One ripe debate from left to right

Special Broadcasting Service/Premier Media Group

Special Broadcasting Service/Premier Media Group

It seems to me that there is a battle going on between Australian football media stalwart SBS and “new football” promoter Fox Sports over who has the right agenda.  As a pundit I keep my eyes firmly placed on both channels to assess for myself what is valuable critical analysis and what is just media propaganda.  I have to say that what mostly comes out of Fox Sports is an overly protective and stringently scripted version of the true issues within the sport.

A classic example of this was the reaction to Pim Verbeek’s comments last week on training in Europe compared to playing in the A-League.  Verbeek believes training sessions at a German Bundesliga Club are of a better standard than playing games in the A-League.  Verbeek should know as the former assistant coach at Borussia Monchengladbach during the 2004/05 season.

Fox Sports football analyst, Robbie Slater, was irate at Verbeek’s comments and voiced his opinion on Fox Sports’ weekly football program, Total Football last week.  Slater did not hold back, accusing the new coach of being “un-Australian” and giving the other football codes ammunition to fire back at the game.

Sydney FC coach John Kosmina, who was a guest on the show together with his mate, Sydney Morning Herald sports journalist, Michael Cockerill, jumped quickly to support Slater’s view, saying Verbeek was “wrong” in his assessment.  It was quite embarrassing to watch it unfold, although at times, funny to see them make a fool of themselves.  However, they are entitled to disagree with Verbeek and I’m sure they stand by their opinion.  Slater especially was quote, “under whelmed” by Verbeek’s appointment in the first place.

The media had a field day with Verbeek’s comments, the other football codes did have a go at the game and the debate will surely continue in the lead up to the match against Qatar next week.  Of course now I wanted to hear what SBS thought and what analysis they would provide.  Three days later, over to The World Game on Sunday afternoon, it was Les Murray, Craig Foster and guest, former Socceroo and Newcastle Jets captain, Paul Okon with their view.

Murray seemed to agree that Verbeek’s comments were badly timed but was more concerned by the fact that he actually believes the standard of the A-League is so poor that he would prefer to select European-based players who aren’t playing regularly over the home-based A-League players.

Okon, who played in Europe, agreed with Verbeek, stating the coach was only telling the truth and speaking specifically about the level of intensity in Australia.  The training sessions in the German Bundesliga are at a higher level, and let’s not forget they are playing 11v11 in reserve matches, again at a higher intensity.

Foster, Australian football’s most opinionated analyst, perhaps came up with the best line in this debate saying it was “typical in this country to shoot the messenger and miss the message.”  Verbeek is an experienced professional who should be asked how to improve the game in this country, but that would take respect, something Australian football has been missing for a long time.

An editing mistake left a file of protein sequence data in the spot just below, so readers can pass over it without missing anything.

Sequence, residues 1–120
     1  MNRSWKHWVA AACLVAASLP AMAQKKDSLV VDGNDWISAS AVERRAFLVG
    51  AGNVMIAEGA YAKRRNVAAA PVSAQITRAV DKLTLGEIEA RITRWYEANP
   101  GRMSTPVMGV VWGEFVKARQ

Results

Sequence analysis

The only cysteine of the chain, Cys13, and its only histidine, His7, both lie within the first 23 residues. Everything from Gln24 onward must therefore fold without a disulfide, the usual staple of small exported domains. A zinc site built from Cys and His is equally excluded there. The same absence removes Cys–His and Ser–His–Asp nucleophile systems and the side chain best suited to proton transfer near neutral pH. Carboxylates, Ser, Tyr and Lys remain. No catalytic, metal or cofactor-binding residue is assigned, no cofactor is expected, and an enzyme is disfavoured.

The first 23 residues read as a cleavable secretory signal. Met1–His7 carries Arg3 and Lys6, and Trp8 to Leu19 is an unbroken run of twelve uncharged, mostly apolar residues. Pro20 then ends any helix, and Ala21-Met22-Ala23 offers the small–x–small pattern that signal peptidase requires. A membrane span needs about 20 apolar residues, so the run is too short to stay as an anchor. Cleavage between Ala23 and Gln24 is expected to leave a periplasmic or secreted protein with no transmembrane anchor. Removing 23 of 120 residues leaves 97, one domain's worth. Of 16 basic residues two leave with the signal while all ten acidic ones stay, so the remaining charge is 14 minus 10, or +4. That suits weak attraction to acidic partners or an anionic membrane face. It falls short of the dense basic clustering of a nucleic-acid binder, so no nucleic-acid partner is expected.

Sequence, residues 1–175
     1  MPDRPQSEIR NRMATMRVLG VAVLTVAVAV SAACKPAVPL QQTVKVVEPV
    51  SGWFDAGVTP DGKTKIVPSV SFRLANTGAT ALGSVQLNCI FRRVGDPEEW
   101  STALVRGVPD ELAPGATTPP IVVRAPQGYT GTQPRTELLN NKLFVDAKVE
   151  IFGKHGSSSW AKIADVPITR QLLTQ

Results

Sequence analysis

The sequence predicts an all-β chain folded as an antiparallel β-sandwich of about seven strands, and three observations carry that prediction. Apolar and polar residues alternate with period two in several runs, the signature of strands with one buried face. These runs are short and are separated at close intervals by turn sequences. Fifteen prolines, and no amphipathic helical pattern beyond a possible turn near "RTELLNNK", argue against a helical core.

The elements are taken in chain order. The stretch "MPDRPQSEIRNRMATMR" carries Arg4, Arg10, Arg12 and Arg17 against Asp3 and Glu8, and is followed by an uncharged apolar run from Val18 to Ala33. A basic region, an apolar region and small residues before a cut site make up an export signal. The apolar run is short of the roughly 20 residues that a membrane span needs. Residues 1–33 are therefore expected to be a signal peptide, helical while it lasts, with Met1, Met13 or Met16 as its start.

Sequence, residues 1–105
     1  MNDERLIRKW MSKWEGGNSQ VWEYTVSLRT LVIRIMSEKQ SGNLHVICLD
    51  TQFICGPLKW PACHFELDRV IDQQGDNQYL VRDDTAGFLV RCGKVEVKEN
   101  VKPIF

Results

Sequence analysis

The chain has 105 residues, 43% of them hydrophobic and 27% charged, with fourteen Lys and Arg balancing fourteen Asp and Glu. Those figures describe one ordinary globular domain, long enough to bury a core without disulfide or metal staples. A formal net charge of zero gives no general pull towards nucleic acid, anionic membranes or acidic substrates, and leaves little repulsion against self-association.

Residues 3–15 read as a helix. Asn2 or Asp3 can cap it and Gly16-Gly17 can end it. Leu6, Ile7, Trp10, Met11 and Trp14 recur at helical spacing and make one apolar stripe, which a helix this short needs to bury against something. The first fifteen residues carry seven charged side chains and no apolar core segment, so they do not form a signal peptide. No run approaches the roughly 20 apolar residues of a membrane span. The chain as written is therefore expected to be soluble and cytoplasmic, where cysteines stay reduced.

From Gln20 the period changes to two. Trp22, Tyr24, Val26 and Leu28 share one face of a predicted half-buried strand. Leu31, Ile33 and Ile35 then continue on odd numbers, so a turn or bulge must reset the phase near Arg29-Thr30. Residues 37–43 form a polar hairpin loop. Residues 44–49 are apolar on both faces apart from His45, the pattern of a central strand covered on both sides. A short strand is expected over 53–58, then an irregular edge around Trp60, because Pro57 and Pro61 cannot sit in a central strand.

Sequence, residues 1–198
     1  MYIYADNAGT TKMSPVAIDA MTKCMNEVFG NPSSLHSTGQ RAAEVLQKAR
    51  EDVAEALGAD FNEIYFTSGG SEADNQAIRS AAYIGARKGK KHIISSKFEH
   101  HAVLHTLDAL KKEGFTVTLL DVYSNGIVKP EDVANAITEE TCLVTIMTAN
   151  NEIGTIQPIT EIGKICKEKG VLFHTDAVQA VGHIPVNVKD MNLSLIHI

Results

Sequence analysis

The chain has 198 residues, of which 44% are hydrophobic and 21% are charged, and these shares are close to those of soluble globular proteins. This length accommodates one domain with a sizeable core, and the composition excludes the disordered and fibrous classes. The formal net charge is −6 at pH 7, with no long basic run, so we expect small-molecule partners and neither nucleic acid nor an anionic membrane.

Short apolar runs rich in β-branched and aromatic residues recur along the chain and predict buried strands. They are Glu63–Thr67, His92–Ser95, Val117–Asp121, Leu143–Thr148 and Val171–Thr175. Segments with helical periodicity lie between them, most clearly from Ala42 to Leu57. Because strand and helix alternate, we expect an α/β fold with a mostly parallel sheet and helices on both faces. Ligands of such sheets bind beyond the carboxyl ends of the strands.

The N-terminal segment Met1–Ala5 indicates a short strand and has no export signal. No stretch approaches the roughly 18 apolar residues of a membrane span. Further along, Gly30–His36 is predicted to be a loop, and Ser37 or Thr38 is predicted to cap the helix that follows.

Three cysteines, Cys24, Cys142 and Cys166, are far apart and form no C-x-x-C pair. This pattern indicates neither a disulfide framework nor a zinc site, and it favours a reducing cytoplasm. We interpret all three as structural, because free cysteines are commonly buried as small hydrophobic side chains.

The game should be at a point where productive analysis is welcomed, and actioned.  I think Fox Sports are somewhat scared that the public will runaway or jump-off the bandwagon if anything negative is said about the A-League or its players.

It seems as though Fox Sports is not willing to acknowledge the games existence in Australia prior to their involvement.  This is a shame, not for me, but for the so-called “new football” fans who don’t know the great history of the game in this country.  It’s time to take the growth of the sport and match it with unambiguous improvement year upon year.

Both SBS and Fox Sports are the leaders in Australian football media, both television and internet.  Unfortunately I get the feeling that Australian’s see SBS as “old soccer” and Fox Sports as “new football”.  Nothing could be further from the truth as SBS has always seen the game as just “football” in all its glory.  The debate over Verbeek’s comments just highlights the differences in the quality of analysis available in this country.

What makes coverage of the game even more difficult for SBS or any other network for that matter is the fact that “football” is the only major sport in Australia not on the anti-siphoning list.  It’s a slap in the face for the games most loyal media service, but a deal deemed necessary by Football Federation Australia (FFA) for the good of the game.  I believe football, even a delayed telecast, should be shown on free-to-air so that “free speech” and real debate can be available to the majority not the minority of Australia’s population.

Verbeek is typically Dutch in his pragmatism.  His way of diplomacy may be a little tough to handle but his comments last week were as honest as they could be coming from a man in his position.  His task is by no means a fait a compli, this job is hard work with detailed knowledge, preparation and experience the focal points to success.  The hopes and dreams of a nation are on his shoulders, and he knows that!

The debate will rage on, with one certainty I can guarantee, Verbeek will have many more controversial comments to make which will upset the status quo.  Let’s hope the analysis improves during the Socceroos’ 2010 FIFA World Cup Qualifying campaign.

I want to hear ways in which we can improve the quality of the A-League and I want the powers that be to listen.  I believe the game is in a position where it doesn’t need to feel continually under threat or be defensive about every little issue.  It is not as fragile as Fox Sports obviously assume.  It is time to utilise the expertise of our newly recruited Dutch coach for the betterment of the game in this country.


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